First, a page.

clock menu more-arrow no yes

Filed under:

SnakePit Fantasy Baseball 2015: And they're off!

New, 3 comments

I hope your fantasy team got off to a good start with last night's opening contest.

Kim Klement-USA TODAY Sports

Mine finds itself in a 3-0 hole following the Cubs losing (this is my unsurprised face) to the Cardinals, though this is largely because I didn't have any player from either side in action. My opponent went 1-for-8 with a run scored and a stolen-base, hence my trailing in those three categories. While I am prepared to throw my team under a bus at the slightest opportunity - for reasons previously explained, I couldn't make the draft, so it feels strangely like I'm looking after someone else's kid right now - one game into the 2,430 which will make up this major-league season might be just a little too early...

The plus side of fantasy baseball is that it gives you a reason to care about other games. The down side of fantasy baseball is... well, it gives you a reason to care about other games. Which, for a die-hard Diamondbacks fan like myself, feels almost like I'm cheating on the team. At least I only have one player from our rivals in the National League West on my team, and no Dodgers or Giants. But I must confess, my first thought when I heard about the Braves trading Craig Kimbrel to the Padres yesterday was not, "Dammit, we'll have to face Kimbrel in Petco," but "Who's the Atlanta closer now?" Yeah, I picked up Jason Grilli. I'm not proud. Though I liked this take on the trade:

As noted, that's the fun thing: you are now more invested in the sport overall, even if you view transactions through the lens of your own team (and, to a lesser extent, your opponents - I feel a vague pang of sympathy for the poor suckers who drafted Joaquin Benoit, now relegated to a set-up role. Albeit only on a "there but for the grace of god, go I", kinda way). But even that is kinda weird, since you are rooting for individual players, which has never been my way: I have always strongly believed in supporting the team on the front, not the name on the back [your mileage may vary, and that's perfectly fine].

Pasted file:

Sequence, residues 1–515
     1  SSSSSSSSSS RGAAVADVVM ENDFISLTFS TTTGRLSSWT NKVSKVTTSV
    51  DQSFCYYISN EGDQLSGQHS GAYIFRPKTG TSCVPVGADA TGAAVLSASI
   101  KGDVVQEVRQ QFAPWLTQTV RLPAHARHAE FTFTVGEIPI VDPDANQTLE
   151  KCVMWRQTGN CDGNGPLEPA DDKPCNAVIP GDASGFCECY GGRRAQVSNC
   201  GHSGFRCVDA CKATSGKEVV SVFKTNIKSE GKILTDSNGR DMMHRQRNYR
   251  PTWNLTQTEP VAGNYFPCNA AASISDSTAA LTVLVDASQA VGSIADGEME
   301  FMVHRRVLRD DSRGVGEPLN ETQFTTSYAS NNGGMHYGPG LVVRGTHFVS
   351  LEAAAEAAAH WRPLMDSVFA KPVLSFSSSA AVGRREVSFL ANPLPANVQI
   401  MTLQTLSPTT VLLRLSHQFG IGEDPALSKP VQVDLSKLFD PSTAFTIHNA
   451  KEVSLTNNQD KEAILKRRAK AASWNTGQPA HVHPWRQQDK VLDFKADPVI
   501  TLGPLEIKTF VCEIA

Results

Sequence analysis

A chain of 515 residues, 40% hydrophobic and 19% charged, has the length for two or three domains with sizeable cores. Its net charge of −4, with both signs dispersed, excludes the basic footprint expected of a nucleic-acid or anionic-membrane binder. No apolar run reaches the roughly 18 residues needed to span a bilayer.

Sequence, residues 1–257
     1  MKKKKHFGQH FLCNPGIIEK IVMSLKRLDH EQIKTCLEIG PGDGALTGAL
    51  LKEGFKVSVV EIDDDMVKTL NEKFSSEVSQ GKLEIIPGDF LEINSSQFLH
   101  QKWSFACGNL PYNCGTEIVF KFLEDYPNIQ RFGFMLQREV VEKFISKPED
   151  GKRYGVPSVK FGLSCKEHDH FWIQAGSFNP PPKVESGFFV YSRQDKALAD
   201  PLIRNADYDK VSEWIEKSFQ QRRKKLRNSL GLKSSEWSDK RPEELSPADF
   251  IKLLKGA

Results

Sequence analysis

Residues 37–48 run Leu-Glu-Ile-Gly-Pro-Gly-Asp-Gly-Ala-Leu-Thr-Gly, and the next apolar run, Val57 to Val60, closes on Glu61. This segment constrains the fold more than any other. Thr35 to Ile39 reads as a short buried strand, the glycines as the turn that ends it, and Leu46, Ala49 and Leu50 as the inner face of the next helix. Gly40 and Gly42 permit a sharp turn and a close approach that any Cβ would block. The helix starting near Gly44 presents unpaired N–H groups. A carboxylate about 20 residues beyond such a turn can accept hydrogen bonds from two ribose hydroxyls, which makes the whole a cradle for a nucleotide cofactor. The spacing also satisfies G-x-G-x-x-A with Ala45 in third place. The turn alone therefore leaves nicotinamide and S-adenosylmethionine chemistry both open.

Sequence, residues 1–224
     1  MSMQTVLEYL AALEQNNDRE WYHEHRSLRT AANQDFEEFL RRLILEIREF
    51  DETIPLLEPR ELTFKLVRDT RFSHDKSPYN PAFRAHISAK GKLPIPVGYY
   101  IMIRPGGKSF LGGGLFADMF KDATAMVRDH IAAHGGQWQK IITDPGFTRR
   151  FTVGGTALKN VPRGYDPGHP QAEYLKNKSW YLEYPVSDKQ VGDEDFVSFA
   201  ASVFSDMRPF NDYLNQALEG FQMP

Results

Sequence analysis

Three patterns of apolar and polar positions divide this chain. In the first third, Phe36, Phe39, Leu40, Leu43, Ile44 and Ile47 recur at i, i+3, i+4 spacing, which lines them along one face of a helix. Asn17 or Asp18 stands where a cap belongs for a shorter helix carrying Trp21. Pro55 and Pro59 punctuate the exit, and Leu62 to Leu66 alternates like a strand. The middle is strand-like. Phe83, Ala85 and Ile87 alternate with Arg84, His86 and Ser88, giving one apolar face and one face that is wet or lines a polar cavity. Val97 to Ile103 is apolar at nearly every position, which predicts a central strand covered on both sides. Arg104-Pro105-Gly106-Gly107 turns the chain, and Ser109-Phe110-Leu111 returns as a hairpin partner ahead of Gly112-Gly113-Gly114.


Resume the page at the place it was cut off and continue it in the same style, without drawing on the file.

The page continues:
It gets particularly bizarre in a contest like the one I'm currently watching, between the Yankees and Blue Jays, when you have both starting pitchers on your roster, and all of a sudden, a crisply-pitched 1-0 game with both starters working complete games becomes your heart's desire [Of course, this being the AL East and all, such a contest would probably still take close to four hours] Unfortunately, the five-run inning put up by Toronto pretty much nailed all hope of that, my team ERA jumping from zero to 7.20 with one click of the refresh button. My draft stand-in just received a stern message on Facebook, let me assure you. #SmallSampleSizeOverReaction

That last hash-tag is why I more or less refuse to make any changes to my team for the first month based on performance. A sucky month will not turn Paul Goldschmidt into B.J., sorry, "Melvin" Upton [there needs to some law that you cannot change your name after your 30th birthday]. Anyone remember April 2013, when our top three hitters by OPS were Didi Gregorius, Wil Nieves and Jason Kubel? How'd that work out? So, expect me to project an air of assured calm over the next four weeks, while all around me are flailing on the waiver wire. Come May 1st though, the gloves will come off...

Right, back to watching baseball, and trying to figure out whether I should care, how much, and who for...